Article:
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VULVA? VAGINA? LET’S CLEAR IT, ONCE AND FOR ALL!

When was the last time someone said ‘vulva’ when they meant ‘vagina’? Well, never. When talking about women’s health, ‘vagina’ and ‘vulva’ are two often-interchanged terms. But here’s some news: they do not mean the same thing and cannot be used interchangeably!

What’s the big deal if one confuses both the terms? Firstly, the knowledge surrounding women’s bodies, especially their reproductive anatomy, is severely limited. Secondly, using the wrong terminology will only lead to more confusion for both the medical fraternity and the women themselves. It’s about time we deconstruct the secrecy and confusion about women’s bodies and use the appropriate and correct terms to refer to various parts of the body. Doing all this ensures that women’s health is given the importance that it deserves.

What Is the Vulva?

If you are really curious, we suggest you get a hand-held mirror and check how your own body looks! So what really is the vulva? The vulva refers to the external female reproductive anatomy that consists of the labia, the clitoris, the urethra, and the vaginal opening. The labia refers to the lip-like folds of skin that is present around the clitoris and the urethra. The clitoris is the female organ of pleasure; it’s a small pea-like structure that helps in female orgasms. Vulva is the umbrella term to refer to all of these parts of the female reproductive anatomy. However, bear in mind that the vulva refers to ONLY the external parts.

The vulva also includes the hymen, in case it is present. The hymen refers to a stretchy piece of tissue present at the entrance of the vaginal opening. The presence or absence of the hymen is a much-debated topic in various cultures around the world. A girl’s virginity is often decided by the presence of the hymen and the idea that she should bleed the first time she has penetrative sex. Women around the world have been chastised, ostracized, and punished if they don’t bleed the first time they have penetrative sex.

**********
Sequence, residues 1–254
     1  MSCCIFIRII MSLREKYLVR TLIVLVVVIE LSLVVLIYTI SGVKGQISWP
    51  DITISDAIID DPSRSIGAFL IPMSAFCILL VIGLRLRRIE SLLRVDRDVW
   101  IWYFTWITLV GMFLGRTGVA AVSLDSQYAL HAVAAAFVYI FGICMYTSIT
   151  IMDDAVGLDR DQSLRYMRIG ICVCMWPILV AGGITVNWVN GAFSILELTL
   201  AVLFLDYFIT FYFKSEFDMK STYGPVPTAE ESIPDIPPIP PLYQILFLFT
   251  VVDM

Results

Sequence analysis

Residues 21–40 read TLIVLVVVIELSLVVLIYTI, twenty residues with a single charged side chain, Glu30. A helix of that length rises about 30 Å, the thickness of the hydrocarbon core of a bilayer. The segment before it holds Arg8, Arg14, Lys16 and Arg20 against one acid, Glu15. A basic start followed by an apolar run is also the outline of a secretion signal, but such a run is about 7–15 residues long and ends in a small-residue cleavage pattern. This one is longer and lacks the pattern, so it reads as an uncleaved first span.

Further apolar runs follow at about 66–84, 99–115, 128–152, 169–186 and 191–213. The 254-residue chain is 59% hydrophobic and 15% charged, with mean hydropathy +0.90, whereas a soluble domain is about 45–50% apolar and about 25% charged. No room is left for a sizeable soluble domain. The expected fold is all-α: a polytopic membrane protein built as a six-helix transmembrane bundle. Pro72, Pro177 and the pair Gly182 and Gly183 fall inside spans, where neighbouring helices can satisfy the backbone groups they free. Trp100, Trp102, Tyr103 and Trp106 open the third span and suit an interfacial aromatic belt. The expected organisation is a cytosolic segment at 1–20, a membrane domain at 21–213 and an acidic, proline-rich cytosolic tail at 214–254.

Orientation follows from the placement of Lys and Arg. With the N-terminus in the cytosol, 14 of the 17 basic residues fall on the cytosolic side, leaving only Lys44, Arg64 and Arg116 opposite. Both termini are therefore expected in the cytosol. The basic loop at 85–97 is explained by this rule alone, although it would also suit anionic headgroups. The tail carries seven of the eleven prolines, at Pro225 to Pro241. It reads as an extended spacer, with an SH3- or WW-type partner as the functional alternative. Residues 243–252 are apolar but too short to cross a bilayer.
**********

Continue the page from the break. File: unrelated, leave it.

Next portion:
However, the truth is that the hymen is a stretchy piece of tissue that erodes over time. It can erode from simple activities like engaging in sports, horse riding, being rough and tumble, and the like. Therefore, it is in no way a determiner of a girl’s virginity. And what more? Penetrative sex, if done with sufficient foreplay, should not involve bleeding.

Where is the vagina then?

The vagina refers to the long, tube-like structure, which begins at the vaginal opening and ends at the outer cervical opening; in short, it can be referred to as the female genital tract. It does not refer to anything external in the female anatomy. The vagina has ridges along its walls that expand on sexual arousal and during childbirth. Three things come out of the vagina: cervical mucous or white discharge, menstrual blood, and babies. As babies come out through the vagina, it is also referred to as the ‘birth canal’.

Internal period products like menstrual cups sit in the vagina and collect menstrual blood. Internal contraceptive devices like the diaphragm and the female condom are also inserted inside the vagina.

Oh, and last but not the least, the vagina is different from the urethra! This is another common confusions that people have! Urethra refers to the opening from which urine comes out; this is different from the vagina. Therefore, if you are using an internal period product like the menstrual cup, you do not have to remove it every time you pee because your cup is in the vagina, not the urethra.

We hope the difference between the vulva and the vagina are clear to you by now! Let us know if you have any other doubts!

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